Are there any other assets that are uneconomical? This is possibly a good time to reflect on the assets that we are using - maybe just because we can onboard a collateral to MCD doesn’t mean we should.

On the other hand, is there a situation where a collateral doesn’t make us money but has a role in stabilising the peg, which is an obvious benefit to the protocol that may outweigh the cost. The clear consideration here being the USDC-A vault which currently has no stability fee but is our 4th biggest vault type. I’d also be interested in the costs the PSM incurs. We have allowed nearly a billion DAI to be generated and recouped less than a million in fees - are we subsiding stability here?

Yes, I can put together a list, though I think @NikKunkel mentioned most of them on the governance call today. It’s mainly ones that doesn’t even carry the Oracle costs, much less compensate Maker for the risk of bad debt.

Note that all the eligible ZRX debt has not been liquidated, so it’s possible this vault class will still swing to a total loss, even after making profit from the liquidation penalties yesterday.


The biggest risk of Liquidations 2.0 has been the timeline. To work on something for more than a year and finish 2 weeks before a likely catastrophe would have unfolded, that ought to make us pause.

We were balancing on the edge and we just got incredibly lucky because obviously the timing of the crash is something that was entirely out of our control.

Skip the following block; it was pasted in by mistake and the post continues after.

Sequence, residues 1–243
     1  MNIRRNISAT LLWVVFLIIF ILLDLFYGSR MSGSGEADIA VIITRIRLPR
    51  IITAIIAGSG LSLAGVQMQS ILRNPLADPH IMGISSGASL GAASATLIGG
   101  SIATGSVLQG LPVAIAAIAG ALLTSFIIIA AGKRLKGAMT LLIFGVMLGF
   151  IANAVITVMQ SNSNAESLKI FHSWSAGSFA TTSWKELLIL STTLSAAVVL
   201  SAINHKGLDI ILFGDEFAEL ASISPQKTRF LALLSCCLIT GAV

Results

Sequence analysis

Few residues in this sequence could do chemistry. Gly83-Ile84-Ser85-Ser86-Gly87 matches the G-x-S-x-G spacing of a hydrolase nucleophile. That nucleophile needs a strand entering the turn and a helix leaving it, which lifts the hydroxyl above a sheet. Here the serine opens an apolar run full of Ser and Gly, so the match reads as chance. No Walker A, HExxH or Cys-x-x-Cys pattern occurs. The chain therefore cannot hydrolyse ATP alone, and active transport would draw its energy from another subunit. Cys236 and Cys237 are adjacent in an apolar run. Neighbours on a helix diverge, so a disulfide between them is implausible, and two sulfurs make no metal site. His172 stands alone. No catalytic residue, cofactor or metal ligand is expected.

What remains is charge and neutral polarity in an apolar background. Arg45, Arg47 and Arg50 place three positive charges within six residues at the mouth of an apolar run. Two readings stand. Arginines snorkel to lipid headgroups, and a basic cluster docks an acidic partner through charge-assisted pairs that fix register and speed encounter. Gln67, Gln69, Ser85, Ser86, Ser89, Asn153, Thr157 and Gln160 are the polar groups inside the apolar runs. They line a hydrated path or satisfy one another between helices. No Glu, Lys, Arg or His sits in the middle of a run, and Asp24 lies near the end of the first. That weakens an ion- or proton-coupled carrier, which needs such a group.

The few imperfections in its performance do not even begin to compare to the risk of having been exposed for too long imo.

This is a time to be relieved and happy and proud of what we’ve built. But also to realize that we need to find ways to be more proactive about risk like this because next time, we probably won’t get this lucky.


I think this statement can be generalized about more than liquidations. Maker has the wind at its back, but there’s a lot of work to be done, and it’s not clear who will do it or how it will be done.


I want to echo this.

While some of the delay was dealing with auditor schedules post DeFi summer, much of this delay was related to how we set priorities. We were working on collateral onboarding, to keep up with DeFi summer DAI demand, PSMs, RWAs, flash loan fixes for governance, staffing problems, etc. Some of this was just us responding to the market conditions or fire fighting, but everything else should not have been as high a priority. Even the weekly spell cadence is aggressive and impacts our schedules.

The fix is about communication of risks, rewards, and timelines and then a decisive follow-up on priorities. We got very lucky. A slip of 2 weeks more on the schedule would have been disastrous for the protocol this past week.

This is my takeaway. It was clear internally where the risk was, but we could have done better about pushing back on collateral onboarding to make sure the risk was better mitigated. 20/20 hindsight would have indicated we should have done the PSM immediately. This would have taken the dire need for DAI supply off the table, and allowed us to focus earlier on completion of LIQ-2.0. After that, like now, we can go back to being more focused on MIPs and collateral onboarding. Risks and firefighting are always the high priority interrupt. Maker should better have classified LIQ-2.0 as a high priority emergency.